Take this 2012 ANES question:
If the U.S. Supreme Court started making a lot of decisions that most people disagree with, would you favor, oppose, or neither favor nor oppose doing away with the Supreme Court altogether?
- About 14 percent favor doing away with the court.
- About 44 percent opposed such an action.
- And 34 percent are undecided
So if I were in newswriting mode -- me being the pessimist I am -- I might say the lede is:
Fewer than half of Americans oppose doing away with the U.S. Supreme Court should it start turning out opinions unpopular with most people.These data are not easy to use (I'm a pro, don't try this at home), but I plucked this one from the most basic of descriptions buried deep in a codebook that's 1,870 pages long. I can go even further with this question, as in how much do respondents "lean" toward doing away or preserving an unpopular court. Results below are rounded, with the same caveats as before in terms of adding to 100.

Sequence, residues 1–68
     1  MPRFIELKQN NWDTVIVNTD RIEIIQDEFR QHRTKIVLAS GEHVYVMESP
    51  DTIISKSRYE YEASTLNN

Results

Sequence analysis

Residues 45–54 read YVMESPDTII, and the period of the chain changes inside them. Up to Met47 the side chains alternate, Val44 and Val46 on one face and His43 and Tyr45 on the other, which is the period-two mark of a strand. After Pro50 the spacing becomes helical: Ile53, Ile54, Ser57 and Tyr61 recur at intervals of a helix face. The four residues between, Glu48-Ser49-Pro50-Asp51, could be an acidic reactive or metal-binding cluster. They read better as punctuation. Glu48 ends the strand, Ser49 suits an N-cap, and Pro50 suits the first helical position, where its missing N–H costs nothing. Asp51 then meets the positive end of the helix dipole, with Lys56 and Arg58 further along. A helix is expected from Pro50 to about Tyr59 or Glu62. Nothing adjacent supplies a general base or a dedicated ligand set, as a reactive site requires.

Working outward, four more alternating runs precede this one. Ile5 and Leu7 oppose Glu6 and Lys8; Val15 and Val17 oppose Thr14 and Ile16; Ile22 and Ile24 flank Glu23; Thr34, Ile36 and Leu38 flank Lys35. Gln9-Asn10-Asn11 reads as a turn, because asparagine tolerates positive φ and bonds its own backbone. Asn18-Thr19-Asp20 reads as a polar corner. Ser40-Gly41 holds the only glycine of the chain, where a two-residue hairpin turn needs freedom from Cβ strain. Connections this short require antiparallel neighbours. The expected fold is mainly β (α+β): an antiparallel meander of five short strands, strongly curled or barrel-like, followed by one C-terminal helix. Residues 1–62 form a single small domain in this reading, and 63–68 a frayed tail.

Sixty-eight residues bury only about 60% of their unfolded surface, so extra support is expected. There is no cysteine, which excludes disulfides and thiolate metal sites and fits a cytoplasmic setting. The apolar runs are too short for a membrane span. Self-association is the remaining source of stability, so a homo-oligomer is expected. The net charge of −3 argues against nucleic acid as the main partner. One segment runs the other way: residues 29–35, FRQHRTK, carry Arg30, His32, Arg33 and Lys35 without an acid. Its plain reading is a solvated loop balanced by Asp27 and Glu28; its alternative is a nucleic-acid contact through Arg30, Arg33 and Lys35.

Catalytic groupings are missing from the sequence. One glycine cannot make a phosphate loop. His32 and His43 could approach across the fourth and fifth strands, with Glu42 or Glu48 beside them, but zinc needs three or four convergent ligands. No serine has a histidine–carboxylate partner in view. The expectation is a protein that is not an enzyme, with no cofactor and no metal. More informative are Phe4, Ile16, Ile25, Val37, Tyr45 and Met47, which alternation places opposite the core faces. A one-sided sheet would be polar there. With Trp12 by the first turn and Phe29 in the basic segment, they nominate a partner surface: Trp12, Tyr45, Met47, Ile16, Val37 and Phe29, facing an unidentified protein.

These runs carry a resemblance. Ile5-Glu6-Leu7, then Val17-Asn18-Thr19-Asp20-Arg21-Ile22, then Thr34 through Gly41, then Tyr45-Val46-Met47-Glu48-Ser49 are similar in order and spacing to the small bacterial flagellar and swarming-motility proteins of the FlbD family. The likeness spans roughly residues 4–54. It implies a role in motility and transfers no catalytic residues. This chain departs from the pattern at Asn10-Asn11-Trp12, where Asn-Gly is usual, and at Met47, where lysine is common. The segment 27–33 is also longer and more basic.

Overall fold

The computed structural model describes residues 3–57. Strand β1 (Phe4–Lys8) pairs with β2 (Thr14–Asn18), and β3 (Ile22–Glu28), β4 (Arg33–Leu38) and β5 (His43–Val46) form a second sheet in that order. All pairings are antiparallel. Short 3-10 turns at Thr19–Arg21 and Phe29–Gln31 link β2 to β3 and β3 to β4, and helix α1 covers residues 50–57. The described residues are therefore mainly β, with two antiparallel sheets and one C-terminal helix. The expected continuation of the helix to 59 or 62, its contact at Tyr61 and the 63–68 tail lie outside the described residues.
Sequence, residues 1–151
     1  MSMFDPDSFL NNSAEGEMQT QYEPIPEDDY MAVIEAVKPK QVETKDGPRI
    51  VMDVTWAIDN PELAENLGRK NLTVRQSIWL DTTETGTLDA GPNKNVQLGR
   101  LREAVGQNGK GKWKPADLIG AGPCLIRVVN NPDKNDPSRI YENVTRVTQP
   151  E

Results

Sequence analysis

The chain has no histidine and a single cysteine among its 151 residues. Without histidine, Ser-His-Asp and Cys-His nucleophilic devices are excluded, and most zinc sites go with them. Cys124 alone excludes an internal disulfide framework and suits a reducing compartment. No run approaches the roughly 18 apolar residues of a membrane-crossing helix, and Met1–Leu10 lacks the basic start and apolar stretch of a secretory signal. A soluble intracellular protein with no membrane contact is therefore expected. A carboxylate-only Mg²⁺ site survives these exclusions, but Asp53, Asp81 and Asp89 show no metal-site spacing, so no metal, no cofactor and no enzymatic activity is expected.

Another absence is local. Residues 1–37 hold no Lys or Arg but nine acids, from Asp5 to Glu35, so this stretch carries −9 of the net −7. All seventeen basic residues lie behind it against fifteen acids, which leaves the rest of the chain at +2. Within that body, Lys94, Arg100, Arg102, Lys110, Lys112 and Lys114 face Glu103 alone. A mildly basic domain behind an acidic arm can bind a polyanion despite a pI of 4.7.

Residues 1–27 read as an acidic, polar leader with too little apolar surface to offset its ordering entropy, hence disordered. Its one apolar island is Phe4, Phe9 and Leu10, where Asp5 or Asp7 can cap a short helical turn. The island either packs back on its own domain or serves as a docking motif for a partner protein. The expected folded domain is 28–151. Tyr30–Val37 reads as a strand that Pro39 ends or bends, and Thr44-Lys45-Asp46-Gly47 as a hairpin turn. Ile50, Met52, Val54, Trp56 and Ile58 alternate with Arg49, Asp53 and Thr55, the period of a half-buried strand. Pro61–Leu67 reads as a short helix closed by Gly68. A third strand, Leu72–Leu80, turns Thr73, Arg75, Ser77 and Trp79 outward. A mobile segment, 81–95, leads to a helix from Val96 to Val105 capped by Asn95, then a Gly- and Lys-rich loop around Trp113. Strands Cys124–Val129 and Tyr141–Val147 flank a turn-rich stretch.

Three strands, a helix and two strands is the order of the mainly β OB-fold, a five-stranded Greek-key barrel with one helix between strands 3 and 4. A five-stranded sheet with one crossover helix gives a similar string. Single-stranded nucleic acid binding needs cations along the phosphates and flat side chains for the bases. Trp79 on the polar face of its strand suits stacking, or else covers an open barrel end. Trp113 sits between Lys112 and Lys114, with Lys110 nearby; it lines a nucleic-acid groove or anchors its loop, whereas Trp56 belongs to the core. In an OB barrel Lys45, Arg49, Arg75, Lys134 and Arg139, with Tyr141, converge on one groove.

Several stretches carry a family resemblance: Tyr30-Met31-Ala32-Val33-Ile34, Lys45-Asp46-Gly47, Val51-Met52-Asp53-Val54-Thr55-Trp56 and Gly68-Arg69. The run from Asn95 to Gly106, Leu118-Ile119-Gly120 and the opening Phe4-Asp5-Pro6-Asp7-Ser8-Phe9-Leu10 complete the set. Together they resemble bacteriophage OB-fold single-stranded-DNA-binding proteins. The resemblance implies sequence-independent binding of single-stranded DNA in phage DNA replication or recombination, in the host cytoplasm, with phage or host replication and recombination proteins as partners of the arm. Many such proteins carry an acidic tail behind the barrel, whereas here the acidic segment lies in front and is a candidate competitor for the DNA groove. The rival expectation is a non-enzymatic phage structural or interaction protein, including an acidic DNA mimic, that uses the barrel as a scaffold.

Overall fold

- Strongly favor doing away: 9 percent.
- Favor, not strongly: 5 percent
- Lean toward doing away: 4 percent
- Not lean either way: 25 percent
- Lean against doing away: 5 percent
- Oppose doing away, not strongly: 9 percent
- Oppose doing away, strongly so: 34 percent
If I took more time, I could identify the socio-demographic or political factors that predict who is more likely to favor axing an unpopular court. I'd guess more conservative respondents, radically so, but that's only a guess. Perhaps with some prodding I'll run the analyses.